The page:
My hair is longer and grayer than it has been in years. Thinner. I’m thankful to have any of it thanks to cold capping. Since these things all go together, I hope the lengthy and gray locks continue to grow.

I still have metastatic cancer to no one’s surprise. My health fluctuates between fair and fantastic depending on my mood, how much I worry, treatments, and time. I’m still here.

I remember people couldn’t wait for 2019 to end and be rid of it fast enough. My 2019 was a rather glowing shade of wonderful. I hoped 2020 would be the same. I understand the desire to move on from 2020 to 2021. Time marches on and we always hope what’s ahead of us is better than what we have at the moment. But each year, even if it has events that bring us to our knees, hopefully also has had a moment here or there where we’ve risen up and basked in the sun. May 2021 have more moments in the sun for everyone. I end my 2020 review with a prayer I found that encompasses every good thing my heart wants for all of us.

New Year’s Prayer

As the dawn breaks on a new year, let us give thanks for all we hold dear: our health, our family and our friends.

Let us release our grudges, our anger and our pains, for these are nothing but binding chains. Let us live each day in the most loving ways, the God-conscious way. Let us serve all who are in need, regardless of race, color or creed.

Let us keep God of our own understanding in our hearts and to chant God’s name each day. Let us lead the world from darkness to light, from falsehood to truth and from wrong to right.

Let us remember that we are all one, embracing all, discriminating against none.

May your year be filled with peace, prosperity and love. May God’s blessings shower upon you and bestow upon each of you a bright, healthy and peaceful new year.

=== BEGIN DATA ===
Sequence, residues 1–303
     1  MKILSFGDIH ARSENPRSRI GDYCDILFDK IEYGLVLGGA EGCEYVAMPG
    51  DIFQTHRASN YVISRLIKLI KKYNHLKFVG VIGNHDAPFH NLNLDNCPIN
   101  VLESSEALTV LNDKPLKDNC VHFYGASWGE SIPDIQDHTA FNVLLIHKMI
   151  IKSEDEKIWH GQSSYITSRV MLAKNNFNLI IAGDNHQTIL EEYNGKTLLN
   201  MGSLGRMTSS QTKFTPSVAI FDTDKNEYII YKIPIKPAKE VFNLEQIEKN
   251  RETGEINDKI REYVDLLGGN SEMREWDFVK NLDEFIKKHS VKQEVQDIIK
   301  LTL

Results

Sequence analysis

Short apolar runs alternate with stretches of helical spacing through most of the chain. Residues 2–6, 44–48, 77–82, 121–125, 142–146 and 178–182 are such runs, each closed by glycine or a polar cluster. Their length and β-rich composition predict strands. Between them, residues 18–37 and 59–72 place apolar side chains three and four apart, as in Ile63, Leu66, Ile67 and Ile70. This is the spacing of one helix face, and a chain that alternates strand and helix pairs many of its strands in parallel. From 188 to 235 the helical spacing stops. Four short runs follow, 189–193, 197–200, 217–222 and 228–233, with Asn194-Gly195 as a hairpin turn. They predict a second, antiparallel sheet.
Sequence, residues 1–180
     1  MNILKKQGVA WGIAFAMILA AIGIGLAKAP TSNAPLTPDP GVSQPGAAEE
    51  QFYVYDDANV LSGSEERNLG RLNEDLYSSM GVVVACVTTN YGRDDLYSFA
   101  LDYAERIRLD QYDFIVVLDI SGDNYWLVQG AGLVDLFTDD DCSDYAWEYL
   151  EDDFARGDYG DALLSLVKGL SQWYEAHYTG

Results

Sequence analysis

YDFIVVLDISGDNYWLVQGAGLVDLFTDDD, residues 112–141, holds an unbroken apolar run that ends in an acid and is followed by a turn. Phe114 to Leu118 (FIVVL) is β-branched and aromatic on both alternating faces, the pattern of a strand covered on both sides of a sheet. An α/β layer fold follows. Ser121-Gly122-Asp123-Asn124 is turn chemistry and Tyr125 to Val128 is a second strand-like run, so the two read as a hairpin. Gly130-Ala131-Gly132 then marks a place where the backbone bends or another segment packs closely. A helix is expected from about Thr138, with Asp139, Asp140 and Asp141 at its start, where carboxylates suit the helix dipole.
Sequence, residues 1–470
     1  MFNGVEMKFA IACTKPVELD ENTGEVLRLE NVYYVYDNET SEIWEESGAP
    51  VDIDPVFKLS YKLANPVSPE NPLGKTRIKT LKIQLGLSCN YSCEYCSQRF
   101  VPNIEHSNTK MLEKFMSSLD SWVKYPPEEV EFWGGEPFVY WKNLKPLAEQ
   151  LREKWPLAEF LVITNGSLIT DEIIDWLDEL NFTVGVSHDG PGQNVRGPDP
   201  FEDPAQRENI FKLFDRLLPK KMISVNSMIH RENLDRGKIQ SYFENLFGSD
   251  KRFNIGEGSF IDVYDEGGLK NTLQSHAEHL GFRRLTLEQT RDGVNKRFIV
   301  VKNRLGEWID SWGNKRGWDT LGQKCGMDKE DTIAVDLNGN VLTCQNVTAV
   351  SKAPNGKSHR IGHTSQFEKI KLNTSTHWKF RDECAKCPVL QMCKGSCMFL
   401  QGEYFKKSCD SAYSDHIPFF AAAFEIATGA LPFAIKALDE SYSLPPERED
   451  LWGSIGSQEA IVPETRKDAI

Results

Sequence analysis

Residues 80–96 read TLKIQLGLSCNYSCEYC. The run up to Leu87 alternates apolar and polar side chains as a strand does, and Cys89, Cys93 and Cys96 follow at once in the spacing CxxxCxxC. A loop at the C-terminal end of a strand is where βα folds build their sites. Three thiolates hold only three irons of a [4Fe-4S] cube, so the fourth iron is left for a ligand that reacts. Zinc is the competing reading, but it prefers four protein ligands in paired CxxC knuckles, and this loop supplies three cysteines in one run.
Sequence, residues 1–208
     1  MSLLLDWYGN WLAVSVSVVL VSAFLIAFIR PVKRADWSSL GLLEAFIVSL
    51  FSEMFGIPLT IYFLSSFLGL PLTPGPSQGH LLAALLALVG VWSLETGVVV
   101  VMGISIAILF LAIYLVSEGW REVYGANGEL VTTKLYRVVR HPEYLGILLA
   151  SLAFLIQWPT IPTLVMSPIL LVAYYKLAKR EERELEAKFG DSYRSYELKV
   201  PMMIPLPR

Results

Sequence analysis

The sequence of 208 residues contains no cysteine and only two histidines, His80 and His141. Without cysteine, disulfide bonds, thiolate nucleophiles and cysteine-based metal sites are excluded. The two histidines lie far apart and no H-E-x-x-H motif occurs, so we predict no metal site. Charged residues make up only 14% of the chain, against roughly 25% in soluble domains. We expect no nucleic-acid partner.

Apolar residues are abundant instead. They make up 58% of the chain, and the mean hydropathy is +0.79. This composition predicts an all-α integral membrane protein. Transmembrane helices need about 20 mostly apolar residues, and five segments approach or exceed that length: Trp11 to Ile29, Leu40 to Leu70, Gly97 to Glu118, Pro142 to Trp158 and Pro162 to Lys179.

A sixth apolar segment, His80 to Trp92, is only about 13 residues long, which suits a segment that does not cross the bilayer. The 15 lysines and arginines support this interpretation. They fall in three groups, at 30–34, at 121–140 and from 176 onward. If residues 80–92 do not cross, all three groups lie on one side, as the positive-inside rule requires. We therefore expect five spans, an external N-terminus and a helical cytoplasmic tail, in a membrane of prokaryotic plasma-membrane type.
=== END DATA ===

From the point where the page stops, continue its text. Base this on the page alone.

Rev. Marcy Sheremetta

May 2021 be kind to you and yours.

Always.

What I Did Last Summer

Spring was lost.

Summer was lost.

Uneventful days passed.

Life inched by like a snail going nowhere.

COVID has consumed six months now.

Six months gone.

Mostly alone.

Gone forever.

And yet I look at the good.

I can’t help it.

Good is always around.

Also forever.

One place I found it was in flowers.

Repetitive days of solitude

And safeness

Drew me to nature.

My camera my paintbrush.

Flowers my canvas.

So many patterns and colors

From 6 inches away.

Wonder

Beauty

Life

Joy

Summer was not lost after all.

A world covered in flowers is not only beautiful but a reassuring constant.

These thoughts formed as I thought about what I did over summer. There were a couple momentous events that I celebrated because birthdays and related plans still happen in pandemics. Most days were quiet. There was a lot of sameness and not much to shout about. I viewed medical appointments as chances to socialize a bit. My trips to the grocery store twice a month held high excitement.

My photos visually reflect what I did last summer whether I puttered about my back yard, paused to take a photo while walking in the neighborhood, or found myself in a favorite nature setting.

Patterns and colors in flowers captivated me this summer.
Everything about this makes me feel happy. The bright vibrant color. The layered petals. The petals slowly unfurling and still emerging from the center. It is a world in itself.
Floating flower art feels very zen.
Blues and purples are a soothing combination.
These colors remind me of a sunset. I marveled at several of these and found all were slightly different, just like every sunset.
This succulent reminded me of glazed pottery. I’m pretty sure it follows a Fibonacci sequence.
Bee balm attracts so much life. Watching its visitors has brought many happy moments to my summer.
Every flower has a story. I am one flower sharing mine.

Ice Cream Memories

Good memories are sweet like ice cream.

My ice cream specific memories from past vacations are vivid enough to eat.